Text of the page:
Stoker Review: Sex and the South
dont u want an umbrelly it might rain. u can stan unner my umbrelluh ellluh elluh. have a nice day at school im definitely not seducing ur mom while ur gone all dayyyy. lol
It is one of my great misfortunes that I've liked almost all the movies I have to review for Pajiba. And this is yet another movie that to say too much about the plot won't ruin the movie, but certainly takes away much of the fun. Oooooh and it's scary. It's a good scary, dread seeping through the floorboards and hovering thick and lush in the air, following India home from school, where she is taunted for being different, and hanging like a picture in a darkened hallway, watching you constantly.
Stoker is the kind of film that teaches you how to watch it as it goes along, leading the eye and making you hyper aware of just what to look for. It's the opposite of a brainless popcorn flick, and yet remains imminently suspenseful and terrifying. Director Chan-wook Park is best known for his violent foreign films, Oldboy, Thirst and so on, elegant and highly original films I hear, though I've not seen a one of them, a serious failing on my part. There is something decidedly unique in his presentation, something I'm tempted to write off as a kind of stylized approach that many foreign films, dare I say "Asian" films, excel at. A kind of balancing of every element, giving no more weight to one than to another, bouncing you from aspect to aspect in a lively fashion without ever dragging.
Stoker also feels thoroughly literary, set in a rich, vaguely Southern realm. There's endless gorgeous details throughout for the careful viewer, scenes so carefully composed they feel impossibly interesting, large scale paintings populated by fascinating elements. The sound design here is on another level entirely, and I'm not sure I've ever heard anything like it, the buzzing of the insects and call of the birds -- the subtlest sounds of gulping down a glass of wine becomes something all consuming and fascinating.
The screenplay, by Wentworth Miller (yersh, that Wentworth Miller of "Prison Break" fame) with contributions by Erin Cressida Wilson, is good, but not excellent and it's easy to see Stoker being an abysmal flop without the directing talents of Park, and tremendous acting from all parties. The sheer enormity of shots and the variance in them makes me wonder how in the world they actually shot this beast, how did they have enough time? A single dinner scene required more shots than I could count, there's very little lingering in the camera work, which is tidy and beyond efficient.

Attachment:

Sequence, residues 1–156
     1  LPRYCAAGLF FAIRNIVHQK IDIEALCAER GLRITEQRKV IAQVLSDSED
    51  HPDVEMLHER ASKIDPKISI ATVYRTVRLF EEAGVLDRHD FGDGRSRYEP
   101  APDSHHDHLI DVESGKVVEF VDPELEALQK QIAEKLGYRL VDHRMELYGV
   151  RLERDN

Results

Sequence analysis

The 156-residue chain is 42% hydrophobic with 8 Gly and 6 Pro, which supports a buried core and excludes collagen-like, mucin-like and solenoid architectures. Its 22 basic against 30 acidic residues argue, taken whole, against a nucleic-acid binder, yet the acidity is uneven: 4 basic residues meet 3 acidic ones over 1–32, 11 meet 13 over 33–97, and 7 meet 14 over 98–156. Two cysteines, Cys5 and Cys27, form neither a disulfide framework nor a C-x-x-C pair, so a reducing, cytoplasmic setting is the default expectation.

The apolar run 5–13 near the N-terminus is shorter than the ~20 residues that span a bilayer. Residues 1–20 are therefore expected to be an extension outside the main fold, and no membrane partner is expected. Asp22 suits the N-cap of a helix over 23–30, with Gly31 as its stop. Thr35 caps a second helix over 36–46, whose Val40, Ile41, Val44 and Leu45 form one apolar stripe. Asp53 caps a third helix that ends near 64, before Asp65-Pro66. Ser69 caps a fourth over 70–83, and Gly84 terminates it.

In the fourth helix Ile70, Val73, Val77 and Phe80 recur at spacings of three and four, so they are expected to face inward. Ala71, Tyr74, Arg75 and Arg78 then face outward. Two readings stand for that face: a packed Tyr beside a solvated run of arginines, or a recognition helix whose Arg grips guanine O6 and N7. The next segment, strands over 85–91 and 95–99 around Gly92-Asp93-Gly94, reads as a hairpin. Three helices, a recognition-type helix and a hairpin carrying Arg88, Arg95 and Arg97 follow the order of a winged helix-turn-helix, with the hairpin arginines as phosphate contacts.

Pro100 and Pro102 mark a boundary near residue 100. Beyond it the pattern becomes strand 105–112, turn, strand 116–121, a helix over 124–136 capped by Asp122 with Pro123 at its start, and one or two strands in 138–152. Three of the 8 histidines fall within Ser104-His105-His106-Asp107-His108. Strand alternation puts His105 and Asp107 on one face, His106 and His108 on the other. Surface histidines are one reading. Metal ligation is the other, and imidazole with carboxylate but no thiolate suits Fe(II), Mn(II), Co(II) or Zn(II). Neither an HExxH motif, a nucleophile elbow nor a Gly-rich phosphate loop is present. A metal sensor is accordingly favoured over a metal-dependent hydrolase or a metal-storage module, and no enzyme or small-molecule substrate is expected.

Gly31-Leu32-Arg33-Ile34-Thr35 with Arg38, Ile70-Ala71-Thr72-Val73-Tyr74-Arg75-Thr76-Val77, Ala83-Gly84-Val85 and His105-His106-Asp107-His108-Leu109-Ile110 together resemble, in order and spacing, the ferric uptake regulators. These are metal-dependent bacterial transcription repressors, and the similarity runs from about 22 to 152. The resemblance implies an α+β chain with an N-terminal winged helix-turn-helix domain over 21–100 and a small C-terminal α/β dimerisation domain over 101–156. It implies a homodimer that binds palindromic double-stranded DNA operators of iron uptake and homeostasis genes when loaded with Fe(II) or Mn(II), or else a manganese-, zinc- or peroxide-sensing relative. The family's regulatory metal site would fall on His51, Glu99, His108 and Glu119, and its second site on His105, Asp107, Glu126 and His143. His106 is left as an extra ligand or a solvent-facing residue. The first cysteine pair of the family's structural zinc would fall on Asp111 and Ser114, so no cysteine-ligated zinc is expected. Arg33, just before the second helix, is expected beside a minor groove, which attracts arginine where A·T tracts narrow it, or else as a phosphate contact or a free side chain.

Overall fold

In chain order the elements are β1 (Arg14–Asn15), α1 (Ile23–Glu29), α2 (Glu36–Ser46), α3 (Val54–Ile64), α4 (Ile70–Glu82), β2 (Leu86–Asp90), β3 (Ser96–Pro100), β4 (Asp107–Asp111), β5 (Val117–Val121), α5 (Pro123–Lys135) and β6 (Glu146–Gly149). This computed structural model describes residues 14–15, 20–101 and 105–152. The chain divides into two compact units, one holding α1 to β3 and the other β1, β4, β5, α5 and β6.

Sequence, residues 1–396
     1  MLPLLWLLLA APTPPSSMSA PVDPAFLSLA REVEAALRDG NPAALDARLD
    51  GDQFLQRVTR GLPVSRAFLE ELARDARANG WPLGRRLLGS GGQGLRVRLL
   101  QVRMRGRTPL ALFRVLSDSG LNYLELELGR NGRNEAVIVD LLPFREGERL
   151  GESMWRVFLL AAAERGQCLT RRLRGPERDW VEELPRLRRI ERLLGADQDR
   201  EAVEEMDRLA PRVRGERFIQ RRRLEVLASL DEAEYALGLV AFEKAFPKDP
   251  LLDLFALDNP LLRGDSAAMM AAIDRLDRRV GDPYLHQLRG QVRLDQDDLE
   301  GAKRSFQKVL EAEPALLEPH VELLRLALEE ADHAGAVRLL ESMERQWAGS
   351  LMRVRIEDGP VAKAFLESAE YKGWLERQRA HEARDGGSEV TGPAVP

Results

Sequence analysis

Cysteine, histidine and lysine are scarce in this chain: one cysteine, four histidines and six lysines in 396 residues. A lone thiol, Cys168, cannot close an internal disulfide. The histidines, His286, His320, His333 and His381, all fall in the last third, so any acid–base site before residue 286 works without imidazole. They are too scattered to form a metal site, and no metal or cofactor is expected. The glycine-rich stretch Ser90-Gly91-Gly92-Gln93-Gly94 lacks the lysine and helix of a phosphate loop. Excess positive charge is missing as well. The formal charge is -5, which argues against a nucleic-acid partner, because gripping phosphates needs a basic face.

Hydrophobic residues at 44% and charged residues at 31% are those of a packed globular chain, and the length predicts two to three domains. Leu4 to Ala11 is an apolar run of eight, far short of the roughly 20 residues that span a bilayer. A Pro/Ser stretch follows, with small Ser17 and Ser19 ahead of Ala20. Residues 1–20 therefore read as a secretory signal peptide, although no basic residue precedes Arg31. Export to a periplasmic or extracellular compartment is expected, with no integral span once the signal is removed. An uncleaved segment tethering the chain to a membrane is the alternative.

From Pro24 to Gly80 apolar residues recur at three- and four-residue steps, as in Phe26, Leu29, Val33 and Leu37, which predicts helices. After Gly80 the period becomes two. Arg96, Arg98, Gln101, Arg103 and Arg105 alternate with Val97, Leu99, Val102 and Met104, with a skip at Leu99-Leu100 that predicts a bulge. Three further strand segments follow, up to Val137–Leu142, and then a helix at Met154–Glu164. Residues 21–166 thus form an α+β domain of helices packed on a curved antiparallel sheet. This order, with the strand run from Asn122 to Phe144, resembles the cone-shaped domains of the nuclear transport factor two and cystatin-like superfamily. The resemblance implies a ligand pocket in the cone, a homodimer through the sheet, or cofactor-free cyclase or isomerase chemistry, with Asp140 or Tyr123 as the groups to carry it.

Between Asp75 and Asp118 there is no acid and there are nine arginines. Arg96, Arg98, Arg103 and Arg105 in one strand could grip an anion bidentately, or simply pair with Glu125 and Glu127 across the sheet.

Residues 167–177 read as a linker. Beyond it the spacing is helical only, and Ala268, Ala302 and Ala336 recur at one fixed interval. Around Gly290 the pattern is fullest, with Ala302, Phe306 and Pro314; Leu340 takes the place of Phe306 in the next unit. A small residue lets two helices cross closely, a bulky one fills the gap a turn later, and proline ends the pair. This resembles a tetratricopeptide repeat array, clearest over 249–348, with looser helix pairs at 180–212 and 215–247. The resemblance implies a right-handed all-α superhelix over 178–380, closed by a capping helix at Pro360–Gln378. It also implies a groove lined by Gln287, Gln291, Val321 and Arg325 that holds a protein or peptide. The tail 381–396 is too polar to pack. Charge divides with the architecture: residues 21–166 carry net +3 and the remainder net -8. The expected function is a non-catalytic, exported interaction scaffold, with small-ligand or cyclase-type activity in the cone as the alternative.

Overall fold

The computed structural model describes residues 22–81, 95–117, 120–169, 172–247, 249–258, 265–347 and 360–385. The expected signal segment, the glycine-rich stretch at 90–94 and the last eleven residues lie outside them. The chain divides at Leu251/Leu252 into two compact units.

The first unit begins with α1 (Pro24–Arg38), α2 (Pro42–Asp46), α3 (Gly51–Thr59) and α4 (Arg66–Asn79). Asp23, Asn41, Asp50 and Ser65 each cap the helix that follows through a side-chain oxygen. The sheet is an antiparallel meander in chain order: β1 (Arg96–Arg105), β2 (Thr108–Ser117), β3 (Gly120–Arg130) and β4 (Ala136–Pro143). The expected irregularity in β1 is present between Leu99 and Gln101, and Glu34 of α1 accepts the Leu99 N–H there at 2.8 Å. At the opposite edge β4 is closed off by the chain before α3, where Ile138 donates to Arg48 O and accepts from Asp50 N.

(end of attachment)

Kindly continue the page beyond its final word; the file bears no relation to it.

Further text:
I'm in ur garden, clipping ur hedges! But not in a sexual way! This is not a metaphor! This is also not a weapon! Chalice and the blade heh heh heh u remember davinci code?
On to the goods. Mia Wasikowska is wonderful, trembling and powerful as India Stoker, cruel wild and willful, a trained hunter with an eye for observation. What a blessing to see a coming of age film that doesn't lean too heavily on the shy, retiring flower trope. Her transformation from girl to woman is born of violence and bloodshed, a kind of radical rebirth that leaves her more powerful than she was before, a demented superhero determined to choose her own adventure.
There's an electric current of sexuality like a trickle that becomes a torrent, India's sleeping heart woke by the presence of a man unlike any she's known before, and her changes terrify her as the adult world naturally would. There's two stirring scenes including a female masturbation scene that has none of the faltering, cautious exploration that we've come to expect from women taking matters into their own hands, but is a dark, turbulent matter than has more in common with "Fallen Angels" than it does with, well, actually I can't think of anything to compare it to. More of that stuff, if you don't mind. There's a weird lack of truth when it comes to female sexuality on film, and though it's not likely to change anytime soon, it's still so important. Movies teach us, and give us expectations to have and to hold, we need to take that more seriously not only in the broad strokes of violence and such, but in the unspoken details of human connection.
do u know how to play 'crazy train'? or like, anything by crocus?
Matthew Goode's work can be uneven at times, but here he is enchanting, seductive and endlessly creepy as good old Uncle Charlie, always watching, always seeing. Never in a rush, always reliable. Nicole Kidman is almost relegated to background material here, a woman always left out of the party who wants so badly to be loved. The secret lives of girls and woman rarely come into conflict until there's a competitive element, and to compete with an adversary one knows so well is a terrifying spectacle. I spent much of my time gazing at her face wondering if indeed she had had work done or not, and trying to decide if she looks better as a redhead. She does. Maybe.
The film is being compared to Hitchcock, and fairly enough. At Stoker's core beats a mystery, tied up in family, desire, sexuality and a deep-seated legacy that must be lived. Riveting, though it wanders at times, is fairly violent and features a protagonist many will feel is a bit too strange to love. Fans of the bizarre and original will be delighted beyond belief, while those expecting tamer fare would do well to stay at home.
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